Thursday, 28 March 2019

Reviewing Key Engineering Plastics – Polyamide 6 and Polyamide 6.6 [incl. Video]

Hello and welcome to this post on reviewing key engineering plastics. Today, we have a closer look at polyamide 6 and polyamide 6.6.
Similarly to the last time with ABS, we review the chemistry including the simplified petrochemical flowchart, discuss the properties and applications of polyamides and look at their global demand and producers. I will provide you some price indications as well.

Here you can find the youtube video of the review:




Before we start with the chemistry I would like to spend some words on the history of polyamide. Wallace Carothers, working 1930 at DuPont Company, developed together with his assistants the two most widely used synthetic polymers of the 20th century: nylon or polyamide and neoprene (synthetic rubber). We will focus in this review on polyamide 6 (PA 6) and polyamide 6.6 (PA 6.6). Although they may seem quite alike they are different e.g. in terms of glass transition and melting temperature as well as water uptake. The latter is higher for PA 6.

Polyamide chemistry


PA chemistry and simplified flow chart: Where do PA 6 and PA 6.6 have their roots?
PA 6 is made by ring-opening polymerization of e-amino caprolactam which is obtained over the benzene route (from benzene over cyclohexane to caprolactam). Cyclohexane is first converted to its oxime. An oxime is a chemical compound with a carbon-nitrogen double bond. The word oxime is a combination of the words oxygen and imine. Treating the oxime with acid initiates the so-called Beckmann rearrangement to obtain caprolactam. The global demand on caprolactam are 5 milllion tons. PA 6.6 can be polymerized using hexamethylenediamine and adipidic acid. Both have 6 carbon atoms leading to the nomenclature of 6.6. HMDA can be obtained over three routes: from adipidic acid route, from hydrogenation of acrylonitrile, and from hydrocyanation of butadiene.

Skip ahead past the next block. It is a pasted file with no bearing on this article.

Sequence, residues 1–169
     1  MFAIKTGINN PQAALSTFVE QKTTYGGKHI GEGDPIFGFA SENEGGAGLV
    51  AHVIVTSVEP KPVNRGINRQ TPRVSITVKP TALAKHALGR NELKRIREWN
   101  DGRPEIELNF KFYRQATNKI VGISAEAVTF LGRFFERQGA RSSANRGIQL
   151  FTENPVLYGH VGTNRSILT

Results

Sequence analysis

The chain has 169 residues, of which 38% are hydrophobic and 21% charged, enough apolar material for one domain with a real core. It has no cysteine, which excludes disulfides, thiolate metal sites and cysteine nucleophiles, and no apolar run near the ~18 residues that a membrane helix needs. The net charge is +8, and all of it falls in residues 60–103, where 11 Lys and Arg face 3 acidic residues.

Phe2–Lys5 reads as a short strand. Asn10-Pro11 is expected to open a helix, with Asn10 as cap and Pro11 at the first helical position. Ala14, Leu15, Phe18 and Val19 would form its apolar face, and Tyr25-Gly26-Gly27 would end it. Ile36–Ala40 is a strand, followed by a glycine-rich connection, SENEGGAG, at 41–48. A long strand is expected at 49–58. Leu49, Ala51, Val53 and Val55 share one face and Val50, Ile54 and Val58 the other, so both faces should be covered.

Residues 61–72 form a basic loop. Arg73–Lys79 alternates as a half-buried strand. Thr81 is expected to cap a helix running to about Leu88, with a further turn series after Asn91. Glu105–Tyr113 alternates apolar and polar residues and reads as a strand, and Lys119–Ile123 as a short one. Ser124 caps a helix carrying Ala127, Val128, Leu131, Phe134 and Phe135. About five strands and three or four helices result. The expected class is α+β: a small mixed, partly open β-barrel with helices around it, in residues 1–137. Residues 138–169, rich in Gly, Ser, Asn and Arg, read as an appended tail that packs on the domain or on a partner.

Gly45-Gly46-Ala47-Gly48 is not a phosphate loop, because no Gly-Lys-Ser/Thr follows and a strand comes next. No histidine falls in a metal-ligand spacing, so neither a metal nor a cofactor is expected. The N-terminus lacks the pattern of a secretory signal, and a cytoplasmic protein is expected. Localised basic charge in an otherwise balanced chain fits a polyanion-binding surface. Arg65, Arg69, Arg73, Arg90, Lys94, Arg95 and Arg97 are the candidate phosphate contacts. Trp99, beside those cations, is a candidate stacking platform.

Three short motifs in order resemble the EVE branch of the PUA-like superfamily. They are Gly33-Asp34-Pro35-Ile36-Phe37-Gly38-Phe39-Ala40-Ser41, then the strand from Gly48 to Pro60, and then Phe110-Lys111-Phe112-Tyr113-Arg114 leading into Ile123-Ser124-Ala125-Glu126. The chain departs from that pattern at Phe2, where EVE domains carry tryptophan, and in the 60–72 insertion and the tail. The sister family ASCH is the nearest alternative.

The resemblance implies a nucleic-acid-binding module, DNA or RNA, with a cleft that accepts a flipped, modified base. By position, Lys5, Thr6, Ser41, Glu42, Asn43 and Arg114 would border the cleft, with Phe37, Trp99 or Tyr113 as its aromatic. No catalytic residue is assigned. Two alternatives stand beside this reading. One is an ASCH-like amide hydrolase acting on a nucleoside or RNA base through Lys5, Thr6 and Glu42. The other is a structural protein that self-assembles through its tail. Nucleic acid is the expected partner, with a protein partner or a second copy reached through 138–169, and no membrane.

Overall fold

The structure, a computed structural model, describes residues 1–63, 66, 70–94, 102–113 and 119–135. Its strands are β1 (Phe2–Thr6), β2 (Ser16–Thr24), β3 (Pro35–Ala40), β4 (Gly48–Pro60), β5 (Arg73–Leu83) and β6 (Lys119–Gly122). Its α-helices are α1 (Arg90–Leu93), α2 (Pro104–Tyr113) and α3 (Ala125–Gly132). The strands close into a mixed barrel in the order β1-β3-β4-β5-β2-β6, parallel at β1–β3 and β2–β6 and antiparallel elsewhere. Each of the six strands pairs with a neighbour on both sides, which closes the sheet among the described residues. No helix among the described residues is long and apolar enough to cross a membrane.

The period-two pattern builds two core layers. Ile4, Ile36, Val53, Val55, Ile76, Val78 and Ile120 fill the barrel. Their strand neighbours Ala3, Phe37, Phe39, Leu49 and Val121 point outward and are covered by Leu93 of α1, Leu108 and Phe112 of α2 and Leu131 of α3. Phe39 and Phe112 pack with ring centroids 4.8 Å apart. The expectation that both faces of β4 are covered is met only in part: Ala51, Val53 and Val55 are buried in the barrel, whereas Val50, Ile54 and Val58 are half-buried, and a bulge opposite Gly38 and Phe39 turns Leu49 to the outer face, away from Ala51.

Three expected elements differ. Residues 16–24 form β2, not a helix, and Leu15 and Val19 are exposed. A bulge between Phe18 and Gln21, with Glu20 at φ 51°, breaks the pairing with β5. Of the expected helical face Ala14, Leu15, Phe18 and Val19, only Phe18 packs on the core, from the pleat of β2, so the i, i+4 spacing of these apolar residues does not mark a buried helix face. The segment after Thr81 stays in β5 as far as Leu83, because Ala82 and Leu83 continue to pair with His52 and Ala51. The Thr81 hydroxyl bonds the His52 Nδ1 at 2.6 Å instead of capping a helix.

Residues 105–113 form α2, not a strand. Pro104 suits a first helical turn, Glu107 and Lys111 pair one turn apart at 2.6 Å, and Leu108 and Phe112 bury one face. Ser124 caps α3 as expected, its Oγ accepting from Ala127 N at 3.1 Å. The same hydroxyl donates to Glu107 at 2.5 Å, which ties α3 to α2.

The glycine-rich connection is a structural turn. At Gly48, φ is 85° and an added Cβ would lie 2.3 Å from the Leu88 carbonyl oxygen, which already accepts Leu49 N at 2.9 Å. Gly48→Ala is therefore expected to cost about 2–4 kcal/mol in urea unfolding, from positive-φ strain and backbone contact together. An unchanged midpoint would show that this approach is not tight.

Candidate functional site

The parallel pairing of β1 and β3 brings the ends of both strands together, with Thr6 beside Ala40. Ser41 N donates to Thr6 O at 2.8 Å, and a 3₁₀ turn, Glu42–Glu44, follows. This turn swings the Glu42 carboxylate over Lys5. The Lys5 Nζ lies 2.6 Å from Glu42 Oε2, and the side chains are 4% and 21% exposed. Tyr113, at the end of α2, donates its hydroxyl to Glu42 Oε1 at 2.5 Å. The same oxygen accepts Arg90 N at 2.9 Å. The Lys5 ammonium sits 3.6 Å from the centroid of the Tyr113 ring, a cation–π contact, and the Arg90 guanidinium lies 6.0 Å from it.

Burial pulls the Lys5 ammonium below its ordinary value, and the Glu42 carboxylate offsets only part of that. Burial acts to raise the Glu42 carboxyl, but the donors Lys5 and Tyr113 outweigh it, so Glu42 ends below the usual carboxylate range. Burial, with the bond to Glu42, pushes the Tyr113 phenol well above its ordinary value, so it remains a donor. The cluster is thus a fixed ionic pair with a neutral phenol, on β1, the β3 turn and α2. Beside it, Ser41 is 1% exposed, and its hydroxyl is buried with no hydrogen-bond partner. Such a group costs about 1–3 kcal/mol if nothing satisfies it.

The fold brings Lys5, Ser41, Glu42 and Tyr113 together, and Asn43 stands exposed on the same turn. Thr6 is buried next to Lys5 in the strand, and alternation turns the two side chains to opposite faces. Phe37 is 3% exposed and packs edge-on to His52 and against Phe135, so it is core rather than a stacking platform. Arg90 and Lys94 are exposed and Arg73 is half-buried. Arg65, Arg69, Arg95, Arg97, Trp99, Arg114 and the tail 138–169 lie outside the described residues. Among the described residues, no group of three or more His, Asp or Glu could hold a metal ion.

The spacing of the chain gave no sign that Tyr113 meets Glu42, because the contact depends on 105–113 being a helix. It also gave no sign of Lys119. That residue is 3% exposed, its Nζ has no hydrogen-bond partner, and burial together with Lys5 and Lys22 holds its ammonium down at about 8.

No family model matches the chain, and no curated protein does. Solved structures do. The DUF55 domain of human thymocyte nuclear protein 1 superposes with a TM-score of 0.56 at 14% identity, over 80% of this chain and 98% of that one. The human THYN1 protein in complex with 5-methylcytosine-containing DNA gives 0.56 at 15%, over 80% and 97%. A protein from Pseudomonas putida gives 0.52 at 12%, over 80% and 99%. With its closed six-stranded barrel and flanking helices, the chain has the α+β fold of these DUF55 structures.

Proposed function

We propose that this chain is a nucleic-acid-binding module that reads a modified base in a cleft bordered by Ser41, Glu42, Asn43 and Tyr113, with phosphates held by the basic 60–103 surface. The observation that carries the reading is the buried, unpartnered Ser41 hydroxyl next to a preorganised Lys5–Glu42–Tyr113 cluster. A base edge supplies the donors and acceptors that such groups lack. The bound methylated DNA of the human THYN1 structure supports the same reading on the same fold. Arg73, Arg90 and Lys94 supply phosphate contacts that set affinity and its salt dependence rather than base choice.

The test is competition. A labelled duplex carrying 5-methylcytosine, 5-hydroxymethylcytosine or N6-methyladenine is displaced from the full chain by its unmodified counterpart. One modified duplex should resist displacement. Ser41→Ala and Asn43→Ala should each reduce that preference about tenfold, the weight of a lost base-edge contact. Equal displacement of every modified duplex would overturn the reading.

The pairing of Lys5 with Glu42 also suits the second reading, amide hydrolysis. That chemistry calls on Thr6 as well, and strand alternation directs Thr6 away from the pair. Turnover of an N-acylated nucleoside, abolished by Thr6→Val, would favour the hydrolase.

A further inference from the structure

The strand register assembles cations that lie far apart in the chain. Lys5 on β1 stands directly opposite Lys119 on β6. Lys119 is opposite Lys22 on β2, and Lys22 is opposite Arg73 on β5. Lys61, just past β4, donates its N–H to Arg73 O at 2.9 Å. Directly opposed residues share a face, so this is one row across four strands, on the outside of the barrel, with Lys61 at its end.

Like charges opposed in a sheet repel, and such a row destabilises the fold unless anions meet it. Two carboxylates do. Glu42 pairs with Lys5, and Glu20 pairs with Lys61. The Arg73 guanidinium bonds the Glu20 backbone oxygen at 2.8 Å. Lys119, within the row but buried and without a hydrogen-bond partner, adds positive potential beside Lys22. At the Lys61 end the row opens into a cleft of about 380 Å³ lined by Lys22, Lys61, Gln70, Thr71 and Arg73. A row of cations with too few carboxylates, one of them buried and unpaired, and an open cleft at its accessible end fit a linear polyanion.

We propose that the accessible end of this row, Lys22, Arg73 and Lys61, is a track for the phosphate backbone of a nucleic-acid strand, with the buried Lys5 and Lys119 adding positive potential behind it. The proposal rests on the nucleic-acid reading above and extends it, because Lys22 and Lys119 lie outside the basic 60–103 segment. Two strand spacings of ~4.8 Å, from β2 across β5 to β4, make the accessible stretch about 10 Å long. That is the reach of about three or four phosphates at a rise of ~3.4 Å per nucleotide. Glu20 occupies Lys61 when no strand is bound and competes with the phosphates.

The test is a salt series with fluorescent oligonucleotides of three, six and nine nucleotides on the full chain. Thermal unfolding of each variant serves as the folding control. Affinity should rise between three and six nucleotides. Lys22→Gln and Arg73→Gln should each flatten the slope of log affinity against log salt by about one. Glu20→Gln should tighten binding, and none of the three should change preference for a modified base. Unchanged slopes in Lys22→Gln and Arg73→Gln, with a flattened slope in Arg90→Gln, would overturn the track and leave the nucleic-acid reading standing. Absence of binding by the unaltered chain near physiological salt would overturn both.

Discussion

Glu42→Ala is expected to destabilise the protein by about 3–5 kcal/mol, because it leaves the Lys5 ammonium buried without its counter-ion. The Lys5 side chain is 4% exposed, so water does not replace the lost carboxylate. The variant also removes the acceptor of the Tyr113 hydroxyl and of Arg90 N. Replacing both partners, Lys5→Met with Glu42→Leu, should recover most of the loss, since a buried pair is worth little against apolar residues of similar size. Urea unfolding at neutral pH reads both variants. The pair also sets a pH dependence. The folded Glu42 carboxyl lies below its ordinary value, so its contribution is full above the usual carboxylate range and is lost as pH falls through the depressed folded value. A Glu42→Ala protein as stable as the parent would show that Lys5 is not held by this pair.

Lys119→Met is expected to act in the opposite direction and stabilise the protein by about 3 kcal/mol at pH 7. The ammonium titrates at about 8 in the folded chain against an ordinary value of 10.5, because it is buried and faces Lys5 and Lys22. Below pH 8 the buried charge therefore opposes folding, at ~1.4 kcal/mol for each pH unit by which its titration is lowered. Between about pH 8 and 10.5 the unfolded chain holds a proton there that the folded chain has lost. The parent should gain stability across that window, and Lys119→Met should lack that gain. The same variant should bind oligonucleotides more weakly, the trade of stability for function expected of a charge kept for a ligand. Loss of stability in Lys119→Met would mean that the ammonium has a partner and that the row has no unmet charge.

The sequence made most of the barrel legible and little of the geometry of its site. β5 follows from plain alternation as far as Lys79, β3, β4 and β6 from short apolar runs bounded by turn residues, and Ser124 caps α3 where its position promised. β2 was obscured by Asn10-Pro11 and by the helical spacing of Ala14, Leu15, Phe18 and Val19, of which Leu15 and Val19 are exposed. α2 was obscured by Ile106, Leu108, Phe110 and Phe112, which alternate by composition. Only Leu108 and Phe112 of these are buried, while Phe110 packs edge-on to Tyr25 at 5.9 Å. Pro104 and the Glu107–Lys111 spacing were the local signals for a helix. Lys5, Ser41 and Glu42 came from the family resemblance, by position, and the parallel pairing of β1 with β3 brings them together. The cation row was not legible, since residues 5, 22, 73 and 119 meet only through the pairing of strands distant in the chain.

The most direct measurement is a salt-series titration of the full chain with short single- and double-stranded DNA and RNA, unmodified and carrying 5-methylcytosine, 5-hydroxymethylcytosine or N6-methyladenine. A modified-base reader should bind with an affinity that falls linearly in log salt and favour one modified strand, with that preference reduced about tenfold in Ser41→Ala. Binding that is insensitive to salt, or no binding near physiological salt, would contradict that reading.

Polyamide - Simplified Flow Chart


Poylamide properties
PA 6 shows good toughness at relatively high (80°C) and low temperatures as well as resistance to repeated impacts. This is rounded up with good resistance to abrasion and wear. Chemically, PA 6 exhibits resistance to many organic solvents, oils and gasolines. In comparison, Polyamide 6.6 can be used at higher continuous service temperatures (100°C – 120°C) combined with a better retention of stiffness, tensile properties, and shape at high temperatures.
Polyamide - Properties

PA Capacity and Global demand
The total consumption of Polyamides in 2016 was around 7.5 Million Tons. PA 6.6 has a consumption of 2.4 million tons and PA 6 of 5.1 million tons. 70% of the global PA 6.6 consumption was used in the automotive market. Half of the consumption of PA 6 is used for producing fibers.
Polyamide - Capacity and Global Demand
 
Geographically you can state that Asia is the largest market for PA 6 and it is preferred when flexibility and barrier properties are important. North America is the largest market for PA 6.6 and is mainly selected for engineering thermoplastic applications due to a higher melting point. Important to note is that both Nylons are interchangeable for most applications.
Polyamide - Capacity and Global Demand

PA Price to performance
Polyamides are forming the base of engineering thermoplastics and have a price range of 2.5€/ kg for base grades and high heat Nylons can reach up to 6.5€/kg.
Polyamide - Price to Performance

PA End uses
As previously shown, PA 6 is more selected for fiber applications such as tire cords, and filaments for fishing lines. PA 6.6 with a glass fiber reinforcement of 30% is used in many automotive applications where the combination of elevated temperature, toughness and long life time is needed. However, there are many other industry fields, where the properties of Nylon 6.6 can play a key role. Important to note is the water uptake of PA 6.6 which can be 2.5% at 50% relative humidity. PA6 has with 2.8% a bit higher water uptake. The water uptake results in dimensional changes, reduces the yield stress 29% of its original value. Elongation will be increased with the factor of 5 and toughness will be doubled. Overall stiffness can decrease almost 60%.

Typical polyamide applications Just to name a few of the typical applications: belts, guitar strings, car engine upper intake manifold and engine support mounts.

This was a review on polyamide, an important engineering thermoplastic used in many applications.


Thanks for reading & till next time!
Greetings,
Herwig Juster


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Literature:
1. https://www.nexant.com/
2. W. Kaiser: Kunststoffchemie für Ingenieure, Carl Hanser Verlag, München 2016
3. http://www.polymerdatabase.com/

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